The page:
Theo Epstein's payroll for the upcoming season is not going to be Yankee-sized, but it certainly isn't going to be on par with the Marlins and Pirates, either. With almost 130 million dollars committed to 15 players, plus players like Manny Delcarmen, Jeremy Hermida, Casey Kotchman, Hideki Okajima, Jonathan Papelbon and Ramon Ramirez all due raises in arbitration that could total anywhere from 20-30 million dollars (with Papelbon possibly getting in to the 10 mil range), the Red Sox had to fill out a roster in a different way then just re-signing big ticket items like Jason Bay or Matt Holliday if they were going to keep the luxury tax hit within reason. The team's tactic this winter is to build the team around defense and pitching, similar to how football teams build around defense and special teams. In theory, this could work really well or go horribly, horribly wrong, and I don't believe there is going to be a middle ground.
Red Sox games are going to be much, much shorter this season. Let's face it, with the defense improved (in theory), it means fewer errors and fewer hits, which in turn would lead to less pitches being thrown by the pitching staff. So those marathon 4 to 5 hour Yankee games should be a rarity than the norm, and pitchers like Billy Traber won't have to be thrown to the wolves as much and left for dead. This team allowed 736 runs last season, 41 of which were unearned. The thing is, the 2009 Yankees allowed 753 runs, 64 of which were unearned, and they have added Curtis Granderson as a centerfielder while improving the defense by subtracting Johnny Damon, regardless of who his replacement is. What does this mean? It means that good offense can overcome defensive errors and bad pitching. If the Red Sox have a bad pitching performance or a bad day in the field, can the offense carry them for a game or two? Maybe. If the pitching and defense go into a week long funk, can the offense carry them then? Probably not.
What's curious is the mid-market approach Epstein is taking. Could they have signed Matt Holliday to a big deal? Of course they could have. Could they have re-signed Jason Bay? Yes, they could have. They went with a different tact, thinking that signing Marco Scutaro, John Lackey, Mike Cameron and Adrian Beltre would be better than signing Holliday or Bay, re-signing Alex Gonzalez and getting another salvaged pitcher hoping to catch lightning in a bottle, a la John Smoltz, Brad Penny and the like. It's almost a newer version of Money Ball with a focus on UZR.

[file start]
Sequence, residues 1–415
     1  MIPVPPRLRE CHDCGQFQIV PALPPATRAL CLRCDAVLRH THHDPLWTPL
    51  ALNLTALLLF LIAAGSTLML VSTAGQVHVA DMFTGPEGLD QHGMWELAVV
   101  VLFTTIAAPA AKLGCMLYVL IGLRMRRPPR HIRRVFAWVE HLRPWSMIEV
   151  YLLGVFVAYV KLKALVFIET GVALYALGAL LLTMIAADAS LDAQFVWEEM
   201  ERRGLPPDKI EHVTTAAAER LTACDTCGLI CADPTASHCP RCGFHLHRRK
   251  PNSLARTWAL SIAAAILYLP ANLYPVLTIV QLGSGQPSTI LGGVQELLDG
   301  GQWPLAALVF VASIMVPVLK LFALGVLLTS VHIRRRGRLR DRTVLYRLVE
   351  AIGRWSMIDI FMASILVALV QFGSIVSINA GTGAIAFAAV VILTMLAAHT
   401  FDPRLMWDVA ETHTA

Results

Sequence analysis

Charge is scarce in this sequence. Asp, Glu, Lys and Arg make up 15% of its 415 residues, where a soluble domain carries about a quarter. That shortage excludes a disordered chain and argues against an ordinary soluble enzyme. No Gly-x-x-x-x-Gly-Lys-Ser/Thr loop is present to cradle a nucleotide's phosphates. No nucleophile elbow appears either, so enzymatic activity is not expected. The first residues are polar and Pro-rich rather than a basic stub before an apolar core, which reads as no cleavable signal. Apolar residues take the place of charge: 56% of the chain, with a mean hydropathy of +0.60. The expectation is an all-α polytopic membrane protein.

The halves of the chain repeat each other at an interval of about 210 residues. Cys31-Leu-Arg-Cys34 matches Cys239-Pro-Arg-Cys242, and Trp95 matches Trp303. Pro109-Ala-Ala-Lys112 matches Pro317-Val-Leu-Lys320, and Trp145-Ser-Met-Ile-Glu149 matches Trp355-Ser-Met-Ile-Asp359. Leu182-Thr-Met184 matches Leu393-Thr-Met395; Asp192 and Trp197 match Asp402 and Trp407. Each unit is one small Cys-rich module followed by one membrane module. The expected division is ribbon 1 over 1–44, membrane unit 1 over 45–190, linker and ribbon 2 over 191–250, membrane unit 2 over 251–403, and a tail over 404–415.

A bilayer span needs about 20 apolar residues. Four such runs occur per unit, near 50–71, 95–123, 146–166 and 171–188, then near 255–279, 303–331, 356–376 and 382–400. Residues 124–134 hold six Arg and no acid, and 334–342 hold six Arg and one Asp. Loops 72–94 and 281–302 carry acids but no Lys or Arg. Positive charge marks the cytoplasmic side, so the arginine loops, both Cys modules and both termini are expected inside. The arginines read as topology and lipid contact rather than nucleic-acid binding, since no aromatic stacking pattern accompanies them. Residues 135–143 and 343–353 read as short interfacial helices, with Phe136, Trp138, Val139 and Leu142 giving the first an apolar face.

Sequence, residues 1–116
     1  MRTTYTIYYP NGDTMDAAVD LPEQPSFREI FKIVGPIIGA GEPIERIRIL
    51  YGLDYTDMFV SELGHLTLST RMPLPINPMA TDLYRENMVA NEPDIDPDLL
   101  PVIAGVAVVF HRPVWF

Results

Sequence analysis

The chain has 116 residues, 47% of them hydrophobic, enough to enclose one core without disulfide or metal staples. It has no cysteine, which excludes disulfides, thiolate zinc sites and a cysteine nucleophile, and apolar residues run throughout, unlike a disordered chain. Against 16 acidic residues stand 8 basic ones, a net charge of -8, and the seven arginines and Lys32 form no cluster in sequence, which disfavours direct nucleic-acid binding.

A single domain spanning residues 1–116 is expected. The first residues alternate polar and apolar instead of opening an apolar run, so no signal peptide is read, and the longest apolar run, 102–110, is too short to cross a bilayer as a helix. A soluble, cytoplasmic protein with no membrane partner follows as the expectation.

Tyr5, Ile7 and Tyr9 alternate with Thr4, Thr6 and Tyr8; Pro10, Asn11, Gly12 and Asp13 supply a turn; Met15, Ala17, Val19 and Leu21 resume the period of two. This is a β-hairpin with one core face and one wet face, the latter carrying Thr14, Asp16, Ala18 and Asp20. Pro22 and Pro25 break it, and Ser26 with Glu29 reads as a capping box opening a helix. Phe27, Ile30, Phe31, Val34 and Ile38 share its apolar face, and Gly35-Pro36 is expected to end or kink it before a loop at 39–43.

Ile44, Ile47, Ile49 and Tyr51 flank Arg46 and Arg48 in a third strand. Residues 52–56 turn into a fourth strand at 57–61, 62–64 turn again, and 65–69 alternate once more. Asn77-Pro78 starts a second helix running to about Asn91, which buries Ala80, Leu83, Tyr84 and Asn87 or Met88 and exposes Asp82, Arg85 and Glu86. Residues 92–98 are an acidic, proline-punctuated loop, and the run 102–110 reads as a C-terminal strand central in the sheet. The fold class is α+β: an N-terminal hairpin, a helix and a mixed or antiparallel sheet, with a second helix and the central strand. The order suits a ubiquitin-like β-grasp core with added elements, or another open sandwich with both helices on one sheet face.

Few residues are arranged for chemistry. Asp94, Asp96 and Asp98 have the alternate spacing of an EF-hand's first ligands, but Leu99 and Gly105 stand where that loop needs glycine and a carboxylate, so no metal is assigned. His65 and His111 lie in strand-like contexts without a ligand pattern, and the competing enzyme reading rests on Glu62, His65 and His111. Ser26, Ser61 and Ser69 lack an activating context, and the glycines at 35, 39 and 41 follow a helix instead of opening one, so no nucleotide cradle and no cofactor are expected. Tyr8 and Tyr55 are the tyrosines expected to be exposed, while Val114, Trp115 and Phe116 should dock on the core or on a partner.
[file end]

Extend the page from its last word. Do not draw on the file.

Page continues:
It's a huge gamble, and it relies on Jon Lester to get off to a good start for the first time in his career, Josh Beckett to pitch consistently for a full season, for John Lackey to stay healthy, for Dice-K to stay away from the buffet, Tim Wakefield to have a working back, and Clay Buchholz to make more progress (without having his personal pitching guru Mike Cather in the organization now to fall back on in case he meltss down). Which Manny Delcarmen shows up? How many days a week does Jason Varitek play and what happens to the lineup when Victor Martinez is out? Who sits? Does David Ortiz get fewer at-bats? What's the over/under on heart attacks caused by Papelbon this season?
Anyone who believes they know what this team is and has right now is wrong. No one knows. Adrian Beltre is still looking for his first Fenway Park home run. It's great that the infield defense is the best it has ever been, but you can't score runs when you're not at the plate. I do expect the improved defense will translate into more quality starts for the pitching staff, heck maybe Dice-K can even go 6 innings regularly (ok, not realy, he is the epitome of 5 and fly), but when this team gets into late July and August, which bat will carry the offense? One thing is for sure, depth-wise and defensively, this team is better than the one last season that went 95-67. It's a huge gamble for Theo, because he is banking on Red Sox Nation to embrace this new philosophy once they see it work. If they don't see results right away, sports-radio, print media and the like will blast the Red Sox for being cheap, when in reality, they are spending alot of money on an experiment. Whether that translates to a better record than last season is the 170 million dollar question.